Hans Hofmann “On Paper”

Bookstein Projects

poster for Hans Hofmann “On Paper”
[Iimage: Hans Hofmann "Untitled" (c. 1942) Ink and gouache on paper, 19 x 24 in.]

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Bookstein Projects presents an exhibition of works on paper by Hans Hofmann. This is the gallery’s first solo show of the artist’s work.

This exhibition will bring together approximately twenty works on paper made between c. 1935 – 1944 by the renowned postwar abstract painter, Hans Hofmann. While the artist’s canvases are widely exhibited and celebrated, his works on paper remain lesser-known, despite the fact that they were a crucial part of the artist’s overall oeuvre. While Hofmann explored a range (and synthesis) of styles – Fauvism, Cubism, Abstract Expressionism and others – his work on paper remains a constant. It also served as a site from which he could explore these styles in rapid succession and with a greater sense of freedom. Executed in a range of media including India ink, pencil, crayon, gouache and watercolor, these works reveal the same vivacity and spirit that have become a trademark of Hofmann’s canvases.

“The creative process lies not in imitating, but in paralleling nature — translating the impulse received from nature into the medium of expression, thus vitalizing this medium. The picture should be alive, the statue should be alive, and every work of art should be alive.” [i] –Hans Hofmann

Lori Bookstein Fine Art and Bookstein Projects have an extensive history working with the legacy of Hans Hofmann. The gallery formally represents the following artists, all of whom have studied with Hofmann: Jan Müller, Paul Resika, and Anne Tabachnick. In addition, past shows include The Legacy of Hans Hofmann: Selections of Painters from the Hofmann School (1999), which featured women of the school, and Speaking Through Paint: Hans Hofmann’s Legacy Today (2014), an exhibition curated by Stacey Gershon and Deborah Goodman Davis.

Hans Hofmann (b. 1880 Weissenburg, Germany – d. 1966, New York, NY) began his art education in Munich before moving to Paris in 1904. While in Paris, Hofmann frequented the Café du Dome where he met the many artists, dealers, and intellectuals who gathered there. It was during this time that Hofmann took drawing classes at the Académie de la Grande Chaumière and the Académie Colarossi, and was introduced to Matisse, Picasso, and Braque. While on a visit home to Germany in 1914, the outbreak of World War I prevented Hofmann from returning to Paris, so in 1915 he opened his own art school in Munich, which quickly garnered an international reputation of excellence. In 1930, Hofmann traveled to the United States, and from 1930 to 1932 he was invited to teach at the University of California, Berkeley, and at the Chouinard School of Art in Los Angeles.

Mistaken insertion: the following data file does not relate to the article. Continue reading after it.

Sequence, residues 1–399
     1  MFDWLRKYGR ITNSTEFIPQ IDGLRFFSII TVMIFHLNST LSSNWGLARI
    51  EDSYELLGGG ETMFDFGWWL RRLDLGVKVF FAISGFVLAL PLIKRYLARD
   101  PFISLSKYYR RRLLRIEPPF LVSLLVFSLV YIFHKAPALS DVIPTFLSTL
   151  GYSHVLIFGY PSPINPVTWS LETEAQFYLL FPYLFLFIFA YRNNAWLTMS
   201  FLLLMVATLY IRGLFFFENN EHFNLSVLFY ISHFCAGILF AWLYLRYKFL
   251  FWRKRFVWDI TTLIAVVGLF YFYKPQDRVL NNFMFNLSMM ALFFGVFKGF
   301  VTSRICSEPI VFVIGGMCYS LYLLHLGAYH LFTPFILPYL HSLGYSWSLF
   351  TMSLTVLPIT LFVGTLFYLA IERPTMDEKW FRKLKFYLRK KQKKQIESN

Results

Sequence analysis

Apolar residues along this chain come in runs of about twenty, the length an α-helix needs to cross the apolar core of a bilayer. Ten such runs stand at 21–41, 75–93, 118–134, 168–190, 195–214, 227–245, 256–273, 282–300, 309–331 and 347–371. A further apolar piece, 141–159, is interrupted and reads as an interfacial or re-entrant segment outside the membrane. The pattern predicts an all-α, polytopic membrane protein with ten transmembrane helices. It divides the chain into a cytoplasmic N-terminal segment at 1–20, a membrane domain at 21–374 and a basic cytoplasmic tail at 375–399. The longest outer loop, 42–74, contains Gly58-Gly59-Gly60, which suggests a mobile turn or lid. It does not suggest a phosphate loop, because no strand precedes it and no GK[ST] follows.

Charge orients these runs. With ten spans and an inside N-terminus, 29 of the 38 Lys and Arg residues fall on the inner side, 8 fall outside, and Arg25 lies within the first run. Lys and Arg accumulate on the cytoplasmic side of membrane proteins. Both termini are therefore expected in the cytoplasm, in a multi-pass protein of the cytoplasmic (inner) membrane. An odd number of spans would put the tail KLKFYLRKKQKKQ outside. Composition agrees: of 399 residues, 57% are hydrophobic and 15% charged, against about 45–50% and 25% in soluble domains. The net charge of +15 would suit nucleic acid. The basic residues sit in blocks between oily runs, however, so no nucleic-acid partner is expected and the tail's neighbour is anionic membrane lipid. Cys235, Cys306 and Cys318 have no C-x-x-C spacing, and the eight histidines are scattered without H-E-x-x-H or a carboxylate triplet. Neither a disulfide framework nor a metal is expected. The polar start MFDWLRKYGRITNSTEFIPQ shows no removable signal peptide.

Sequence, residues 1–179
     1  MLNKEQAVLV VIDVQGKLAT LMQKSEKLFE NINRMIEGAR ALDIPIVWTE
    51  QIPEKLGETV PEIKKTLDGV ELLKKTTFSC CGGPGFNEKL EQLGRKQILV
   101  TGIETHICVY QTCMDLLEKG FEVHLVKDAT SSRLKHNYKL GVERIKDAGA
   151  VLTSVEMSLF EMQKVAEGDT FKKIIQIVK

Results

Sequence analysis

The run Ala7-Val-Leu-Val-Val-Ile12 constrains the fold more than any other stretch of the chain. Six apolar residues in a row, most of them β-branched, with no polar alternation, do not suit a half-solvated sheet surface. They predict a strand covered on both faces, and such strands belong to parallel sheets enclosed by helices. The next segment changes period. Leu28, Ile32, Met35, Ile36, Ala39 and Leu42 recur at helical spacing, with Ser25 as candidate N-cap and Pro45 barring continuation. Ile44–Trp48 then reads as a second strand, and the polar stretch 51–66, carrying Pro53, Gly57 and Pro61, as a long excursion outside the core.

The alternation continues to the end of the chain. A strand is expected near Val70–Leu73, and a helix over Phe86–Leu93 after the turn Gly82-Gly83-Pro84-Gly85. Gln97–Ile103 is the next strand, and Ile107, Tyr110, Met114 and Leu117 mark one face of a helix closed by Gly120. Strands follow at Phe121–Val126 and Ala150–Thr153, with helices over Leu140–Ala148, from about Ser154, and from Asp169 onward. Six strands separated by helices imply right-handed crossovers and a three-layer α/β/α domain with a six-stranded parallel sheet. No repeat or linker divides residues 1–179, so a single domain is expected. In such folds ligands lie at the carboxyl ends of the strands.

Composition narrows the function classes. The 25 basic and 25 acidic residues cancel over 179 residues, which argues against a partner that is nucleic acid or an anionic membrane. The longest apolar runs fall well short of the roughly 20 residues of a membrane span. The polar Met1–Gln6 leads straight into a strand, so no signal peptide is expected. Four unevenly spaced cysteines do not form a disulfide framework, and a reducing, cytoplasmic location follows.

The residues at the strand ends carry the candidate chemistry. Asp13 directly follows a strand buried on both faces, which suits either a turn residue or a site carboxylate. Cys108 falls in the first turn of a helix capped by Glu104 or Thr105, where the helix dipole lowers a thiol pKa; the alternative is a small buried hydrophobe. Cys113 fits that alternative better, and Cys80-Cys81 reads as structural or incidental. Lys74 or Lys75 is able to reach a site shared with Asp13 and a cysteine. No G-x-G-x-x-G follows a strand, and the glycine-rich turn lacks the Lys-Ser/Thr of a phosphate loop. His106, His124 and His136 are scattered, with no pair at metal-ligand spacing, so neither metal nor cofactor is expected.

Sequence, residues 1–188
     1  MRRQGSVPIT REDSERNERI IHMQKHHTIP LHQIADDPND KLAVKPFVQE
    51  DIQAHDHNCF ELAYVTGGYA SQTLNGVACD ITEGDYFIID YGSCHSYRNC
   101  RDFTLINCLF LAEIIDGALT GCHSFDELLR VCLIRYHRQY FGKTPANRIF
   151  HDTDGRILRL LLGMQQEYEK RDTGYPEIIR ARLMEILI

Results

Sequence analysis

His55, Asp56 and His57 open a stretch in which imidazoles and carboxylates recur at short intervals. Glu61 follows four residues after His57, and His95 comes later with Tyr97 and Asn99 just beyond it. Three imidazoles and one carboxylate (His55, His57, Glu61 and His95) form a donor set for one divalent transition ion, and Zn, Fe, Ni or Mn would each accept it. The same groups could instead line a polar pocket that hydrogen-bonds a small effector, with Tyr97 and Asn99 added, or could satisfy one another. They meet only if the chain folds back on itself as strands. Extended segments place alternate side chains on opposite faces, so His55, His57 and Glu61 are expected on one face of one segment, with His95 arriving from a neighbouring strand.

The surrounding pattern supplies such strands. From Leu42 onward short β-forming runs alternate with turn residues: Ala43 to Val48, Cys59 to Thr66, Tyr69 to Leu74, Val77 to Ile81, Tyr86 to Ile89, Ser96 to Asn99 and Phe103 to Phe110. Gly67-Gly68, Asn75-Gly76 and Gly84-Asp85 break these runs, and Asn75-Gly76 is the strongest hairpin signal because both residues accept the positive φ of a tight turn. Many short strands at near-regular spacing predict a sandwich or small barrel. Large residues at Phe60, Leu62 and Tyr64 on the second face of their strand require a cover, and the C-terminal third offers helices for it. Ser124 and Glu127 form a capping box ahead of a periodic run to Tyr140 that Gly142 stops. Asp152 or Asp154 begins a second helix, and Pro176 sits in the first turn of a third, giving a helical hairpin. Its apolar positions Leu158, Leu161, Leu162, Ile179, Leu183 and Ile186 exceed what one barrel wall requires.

Hofmann moved to New York in 1932. He taught a drawing class at the Art Students League and in 1934 he opened the Hans Hofmann School of Fine Arts in New York. In 1935, Hofmann’s School additionally began to hold summer sessions in Provincetown, MA. Hofmann became well known not only as an important artist of the time but also as an admired teacher. Some of his distinguished students include Helen Frankenthaler, Lee Krasner, Louise Nevelson, Joan Mitchell, Wolf Kahn, Paul Resika and Jan Müller.

Most recently, a comprehensive survey of Hofmann’s practice entitled, Hans Hofmann: The Nature of Abstraction, was mounted by the Berkeley Art Museum and Pacific Film Archives, Berkeley, CA, (February 25 - July 21, 2019) and traveled to the Peabody Essex Museum, Salem, MA (September 27 2019 – January 6 2020). During his lifetime, Hofmann’s work was the subject of exhibitions at the Art of This Century Gallery, New York, NY (1944); the Addison Gallery of American Art, Andover, Massachusetts (1948); Whitney Museum of American Art, New York, NY (1957); the XXX Venice Biennale (1960); and the Museum of Modern Art, New York, NY (1963).

Hofmann’s work is in myriad institutional collections including The Museum of Modern Art, New York, NY; The Metropolitan Museum of Art, New York, NY; Solomon R. Guggenheim Museum, New York, NY; Whitney Museum of American Art, New York, NY; Los Angeles County Museum of Art, Los Angeles, CA; National Gallery of Art, Washington, D.C.; San Francisco Museum of Modern Art, San Francisco, CA; Museum Ludwig, Cologne, Germany; Tate Modern, London; and Museo Thyssen-Bornemisza, Madrid, among others.
[i] Hans Hofmann, “Painting and Culture,” in Search for the Real and Other Essays, ed. Sara T. Weeks and Bartlett H. Hayes, Jr. (Cambridge, Massachusetts: M.I.T. Press, 1967). p. 55.



from February 20, 2020 to March 28, 2020

Opening Reception on 2020-02-20 from 18:00 to 20:00


Hans Hofmann

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